Deposition and etch processes: continuum film evolution in microelectronics
Review articleOpen access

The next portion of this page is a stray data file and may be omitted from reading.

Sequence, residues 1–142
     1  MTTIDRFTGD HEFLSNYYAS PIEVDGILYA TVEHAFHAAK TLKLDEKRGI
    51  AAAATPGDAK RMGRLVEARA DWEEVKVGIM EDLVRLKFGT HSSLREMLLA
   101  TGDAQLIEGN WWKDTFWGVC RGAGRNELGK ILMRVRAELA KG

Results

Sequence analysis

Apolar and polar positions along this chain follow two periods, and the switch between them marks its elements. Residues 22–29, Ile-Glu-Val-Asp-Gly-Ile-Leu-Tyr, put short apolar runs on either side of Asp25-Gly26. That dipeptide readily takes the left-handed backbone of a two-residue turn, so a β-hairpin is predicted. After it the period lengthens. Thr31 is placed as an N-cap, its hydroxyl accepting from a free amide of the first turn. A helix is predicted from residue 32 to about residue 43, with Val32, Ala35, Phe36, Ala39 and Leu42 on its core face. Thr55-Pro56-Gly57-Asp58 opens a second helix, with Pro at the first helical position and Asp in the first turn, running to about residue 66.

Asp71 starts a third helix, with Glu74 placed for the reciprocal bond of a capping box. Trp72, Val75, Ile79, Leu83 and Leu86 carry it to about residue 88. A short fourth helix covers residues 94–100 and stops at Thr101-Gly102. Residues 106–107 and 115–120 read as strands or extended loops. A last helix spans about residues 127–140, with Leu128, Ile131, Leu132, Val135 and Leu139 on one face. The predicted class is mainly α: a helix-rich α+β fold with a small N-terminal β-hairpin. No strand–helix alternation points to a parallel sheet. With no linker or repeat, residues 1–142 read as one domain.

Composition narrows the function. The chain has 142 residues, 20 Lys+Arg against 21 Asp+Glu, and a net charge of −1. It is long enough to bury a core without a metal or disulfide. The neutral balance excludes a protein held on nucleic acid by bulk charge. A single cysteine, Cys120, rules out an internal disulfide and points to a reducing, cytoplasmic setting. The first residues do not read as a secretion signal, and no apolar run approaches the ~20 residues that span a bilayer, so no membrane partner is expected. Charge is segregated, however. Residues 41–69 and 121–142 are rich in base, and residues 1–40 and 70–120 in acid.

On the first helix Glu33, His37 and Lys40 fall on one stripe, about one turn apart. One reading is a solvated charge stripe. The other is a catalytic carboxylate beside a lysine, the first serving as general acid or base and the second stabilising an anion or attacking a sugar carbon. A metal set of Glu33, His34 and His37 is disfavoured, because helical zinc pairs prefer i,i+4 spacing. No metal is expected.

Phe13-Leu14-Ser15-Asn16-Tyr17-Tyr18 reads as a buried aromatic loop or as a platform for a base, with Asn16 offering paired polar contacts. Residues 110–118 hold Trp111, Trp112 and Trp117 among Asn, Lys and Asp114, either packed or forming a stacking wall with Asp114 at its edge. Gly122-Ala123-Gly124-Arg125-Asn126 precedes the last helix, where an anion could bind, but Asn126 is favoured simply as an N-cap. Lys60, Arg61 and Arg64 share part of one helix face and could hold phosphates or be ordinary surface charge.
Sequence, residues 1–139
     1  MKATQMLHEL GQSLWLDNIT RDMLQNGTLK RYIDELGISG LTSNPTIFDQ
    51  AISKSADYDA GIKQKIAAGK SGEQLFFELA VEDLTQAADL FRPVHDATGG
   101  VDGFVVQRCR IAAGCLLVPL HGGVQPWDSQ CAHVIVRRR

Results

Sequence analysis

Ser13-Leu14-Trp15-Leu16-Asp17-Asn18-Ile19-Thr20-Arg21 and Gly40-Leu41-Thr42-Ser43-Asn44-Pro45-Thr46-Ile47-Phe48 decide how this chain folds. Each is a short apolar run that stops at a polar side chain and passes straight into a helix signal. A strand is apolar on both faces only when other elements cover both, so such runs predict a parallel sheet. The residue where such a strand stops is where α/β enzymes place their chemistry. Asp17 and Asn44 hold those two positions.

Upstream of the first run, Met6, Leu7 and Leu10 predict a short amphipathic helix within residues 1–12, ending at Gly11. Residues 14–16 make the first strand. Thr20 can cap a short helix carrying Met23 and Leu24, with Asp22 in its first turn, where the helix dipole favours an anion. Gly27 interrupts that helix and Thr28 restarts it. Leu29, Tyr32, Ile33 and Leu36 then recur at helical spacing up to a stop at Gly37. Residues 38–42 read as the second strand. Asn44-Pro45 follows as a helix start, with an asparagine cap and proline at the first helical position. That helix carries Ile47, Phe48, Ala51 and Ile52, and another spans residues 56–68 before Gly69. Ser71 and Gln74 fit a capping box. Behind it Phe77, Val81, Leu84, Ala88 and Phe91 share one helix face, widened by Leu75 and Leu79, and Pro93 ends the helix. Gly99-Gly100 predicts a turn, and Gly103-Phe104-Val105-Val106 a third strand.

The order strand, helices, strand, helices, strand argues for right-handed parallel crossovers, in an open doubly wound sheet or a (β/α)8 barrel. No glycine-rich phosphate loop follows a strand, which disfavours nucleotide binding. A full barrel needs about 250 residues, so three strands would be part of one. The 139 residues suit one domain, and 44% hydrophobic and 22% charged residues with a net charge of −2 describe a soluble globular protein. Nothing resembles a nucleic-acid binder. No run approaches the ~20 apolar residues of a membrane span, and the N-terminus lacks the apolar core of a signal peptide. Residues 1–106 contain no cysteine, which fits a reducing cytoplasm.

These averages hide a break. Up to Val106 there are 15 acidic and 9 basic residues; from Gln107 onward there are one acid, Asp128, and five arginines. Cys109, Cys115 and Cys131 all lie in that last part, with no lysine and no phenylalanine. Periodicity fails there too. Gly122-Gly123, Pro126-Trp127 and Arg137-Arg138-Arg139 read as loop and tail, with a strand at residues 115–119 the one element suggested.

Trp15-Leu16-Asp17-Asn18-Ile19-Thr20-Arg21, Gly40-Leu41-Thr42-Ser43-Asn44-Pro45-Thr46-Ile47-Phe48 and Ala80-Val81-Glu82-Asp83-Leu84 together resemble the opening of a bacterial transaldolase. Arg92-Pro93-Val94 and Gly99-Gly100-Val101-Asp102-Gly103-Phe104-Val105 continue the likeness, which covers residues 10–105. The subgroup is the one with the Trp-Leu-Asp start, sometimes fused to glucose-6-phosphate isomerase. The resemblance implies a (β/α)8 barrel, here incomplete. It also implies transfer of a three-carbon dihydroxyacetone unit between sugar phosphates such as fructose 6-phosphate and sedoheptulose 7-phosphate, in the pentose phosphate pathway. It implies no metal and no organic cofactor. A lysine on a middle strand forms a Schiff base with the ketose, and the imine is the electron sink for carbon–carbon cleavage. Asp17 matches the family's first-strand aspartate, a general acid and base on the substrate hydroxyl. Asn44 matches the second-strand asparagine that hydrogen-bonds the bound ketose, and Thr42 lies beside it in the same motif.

AbstractAspects of modeling and simulation of topography evolution during deposition and etch processes used in the fabrication of integrated circuits are discussed. Overall, we hope to demonstrate that combined simulation and experimental studies of film profiles and composition profiles inside features is a valuable tool in efforts to arrive at useful kinetic and transport models. In particular, conformality limitations and film composition variations inside features for films deposited at low pressures are explained using examples of studies that combine transport and reaction simulations of deposition processes and carefully designed experimental work. The technical presentation is divided into three major parts. In the first section, we demonstrate that thermal systems can be modeled without “calibrating” the transport and reaction models used, though calibration can still be useful. The process considered in this section is the thermal deposition of SiO2 from TEOS (tetraethoxysilane). We discuss the use of film profile information to decide between two kinetic models for the deposition process, then we discuss one way to integrate reactor scale and feature scale models in order to capture “microloading” due to changes in local pattern density. The second section demonstrates the state of topography simulation for plasma processes. We demonstrate the use of physically motivated models that in general require calibration from experimental data for a given set of operating conditions. As our first plasma example, we use the sputter deposition of Ti–W to demonstrate the existence of composition profiles inside features. We then use etch simulations to show how simulations can be used to test proposed chemical and/or physical phenomena. The last major section is a case study on plasma enhanced deposition of SiO2 from TEOS and oxygen (PETEOS) that demonstrates the roles of “3d/2d” and “3d/3d” (transport dimensionality/surface dimensionality) topography simulators in “virtual wafer fabs”. The same methodology would apply to most topography relevant processes, including thin film flow processes.

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